war. Vested rights of property will not become divested in such
Treaties and Conventions, Department of State 1889, pg. 1227-1229


***My Comment***
The Treaties of 1782, 1783 and 1794 were suspended and
abrogated by the War of 1812. The king knew this, and I believe
this was one of the reasons he instigated our declaring war on
Britain, allowing the king to get out of the legal mess he had
gotten himself into by signing the Paris Treaty. However, to be
fair, the king thought the Treaties were already in jeopardy if
not abrogated, by the U.S. for not paying its war debt and
interest.***End Comment***

"The formation of the civil government in California, when
it was done, was the lawful exercise of a belligerents right over
a conquered territory."
Treaties and Conventions, Department of State 1889, pg. 1251

"The usage of the world is, if a nation be not entirely
subdued, to consider the holding of conquered territory as a mere
military occupation, until its fate shall be determined at the
treaty of peace. If it be ceded by treaty, the acquisition is
confirmed, and the ceded territory becomes a part of the nation
to which it is annexed, either on the terms stipulated in the
treaty of cession, or on such as its new master shall impose."
Treaties and Conventions, Department of State 1889, pg. 1251

"Jefferson met this on the 15th of December, by a note
stating briefly the American position as to the British
infractions of the Treaty and producing evidence in its support.6
This drew from Hammond an elaborate reply the 5th of March, 1792,
in which he contended (1.) that the United States had failed to
execute the 4th article of the Treaty, by not preventing the
placing of impediments in the way of the recovery, in sterling,
of debts due to British subjects; (2) that interest had not been
allowed on judgments in favor of British creditors; and (3) that
article 5 had not been carried into effect by the United States,
inasmuch as confiscated estates had not been restored; and that
therefore "the measure that the King has adopted (of delaying his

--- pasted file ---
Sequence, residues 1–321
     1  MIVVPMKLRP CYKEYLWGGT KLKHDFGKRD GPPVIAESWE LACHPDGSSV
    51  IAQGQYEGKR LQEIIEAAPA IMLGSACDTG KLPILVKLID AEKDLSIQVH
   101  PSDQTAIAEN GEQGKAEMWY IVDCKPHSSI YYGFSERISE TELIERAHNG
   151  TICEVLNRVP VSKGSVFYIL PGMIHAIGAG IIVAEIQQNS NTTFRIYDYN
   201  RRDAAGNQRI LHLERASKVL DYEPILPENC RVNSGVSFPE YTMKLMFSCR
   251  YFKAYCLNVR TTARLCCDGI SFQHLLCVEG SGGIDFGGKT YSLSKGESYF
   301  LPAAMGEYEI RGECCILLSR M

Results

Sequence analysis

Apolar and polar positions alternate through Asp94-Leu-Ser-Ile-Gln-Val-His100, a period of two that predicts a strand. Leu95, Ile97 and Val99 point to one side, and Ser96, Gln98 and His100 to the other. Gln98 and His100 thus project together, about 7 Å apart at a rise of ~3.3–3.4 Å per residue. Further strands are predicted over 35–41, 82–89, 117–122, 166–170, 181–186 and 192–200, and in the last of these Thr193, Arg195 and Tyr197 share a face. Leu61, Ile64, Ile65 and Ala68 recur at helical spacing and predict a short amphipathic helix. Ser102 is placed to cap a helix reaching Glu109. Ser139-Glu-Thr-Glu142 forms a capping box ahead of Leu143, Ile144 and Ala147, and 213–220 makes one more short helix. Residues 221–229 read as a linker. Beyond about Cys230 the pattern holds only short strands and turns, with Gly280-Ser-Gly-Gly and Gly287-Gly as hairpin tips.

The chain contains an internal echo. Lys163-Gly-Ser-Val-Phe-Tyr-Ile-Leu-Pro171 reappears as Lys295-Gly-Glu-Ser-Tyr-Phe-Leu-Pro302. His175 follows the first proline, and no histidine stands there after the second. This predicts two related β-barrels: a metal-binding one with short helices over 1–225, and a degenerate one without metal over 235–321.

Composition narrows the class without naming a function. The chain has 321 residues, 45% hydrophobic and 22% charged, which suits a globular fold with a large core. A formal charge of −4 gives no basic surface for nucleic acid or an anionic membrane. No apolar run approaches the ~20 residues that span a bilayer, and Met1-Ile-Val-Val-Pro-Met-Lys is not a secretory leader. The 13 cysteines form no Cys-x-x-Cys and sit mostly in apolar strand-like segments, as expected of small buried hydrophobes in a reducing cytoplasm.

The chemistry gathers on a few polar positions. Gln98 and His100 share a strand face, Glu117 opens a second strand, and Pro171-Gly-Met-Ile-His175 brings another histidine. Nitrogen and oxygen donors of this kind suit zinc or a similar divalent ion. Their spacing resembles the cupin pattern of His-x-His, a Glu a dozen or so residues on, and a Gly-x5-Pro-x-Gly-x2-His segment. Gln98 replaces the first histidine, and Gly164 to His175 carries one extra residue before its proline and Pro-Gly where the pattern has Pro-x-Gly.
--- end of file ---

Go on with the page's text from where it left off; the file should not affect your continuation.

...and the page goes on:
compliance with the 7th article of the Treaty) is perfectly
justifiable." To this, Jefferson, on the 29th of May, 1792,
replied, (1) that impediments, within the meaning of the
Treaty, had not been thrown in the way of the collection of
British debts is the United States; (2) that interest is not an
integral part of a debt under British and American law, and
therefore it was not embraced in the Treaty; (3) that the United
States had only undertaken in the Treaty to recommend the States
to restore confiscated estates, and had fully complied with that
agreement; and he showed conclusively that it was understood both
by the Ministry and by both Houses of Parliament, when the Treaty
was negotiated, that the American Plenipotentiaries not only
would not agree to restore the confiscated estates, but expressed
the opinion that the States themselves would not restore them,
even if recommended by Congress to do so; (4) that the British
infractions of the Treaty, so far from being the result of
alleged infractions by the United States, preceded them, and were
in no way dependent upon them.'
More than a year elapsed without a reply. Jefferson then, on
the 19th of June, 1793, wrote Hammond, asking when one might be
expected. "The subject," be said, "was extensive and important,
and therefore rendered a certain degree of delay in the reply to
be expected. But it has now become such as naturally to generate
disquietude. The interests we have in the Western posts, the
blood and treasure which their detention costs us daily, cannot
but produce a corresponding anxiety on our part."2 Hammond
replied that as soon as he should receive instructions the reply
should be transmitted, and added, "There is one passage in your
letter of yesterday, Sir, of which it becomes me to take some
notice. The passage I allude to is that wherein you mention `the
blood and treasure which the detention of the Western posts costs
the United States daily.' I cannot easily conjecture the motives
in which this declaration has originated. After the evidence that
this Government has repeatedly received of the strict neutrality
observed by the King's Governors of Canada, during the present
contest between the United States and the Indians, and of the
disposition of those officers to facilitate, as far as may be in
their power, any negotiations for peace, I will not for a moment
imagine that the expression I have cited was intended to convey
the insinuation of their having pursued a different conduct."
Jefferson made no response to this. In a few months he again
asked Hammond whether he was prepared to reply on this subject of
the infractions of the Treaty.4 No answer was ever made.
In the autumn of 1793 a new question of difference arose.
The Admiralty instructions to British ships of War and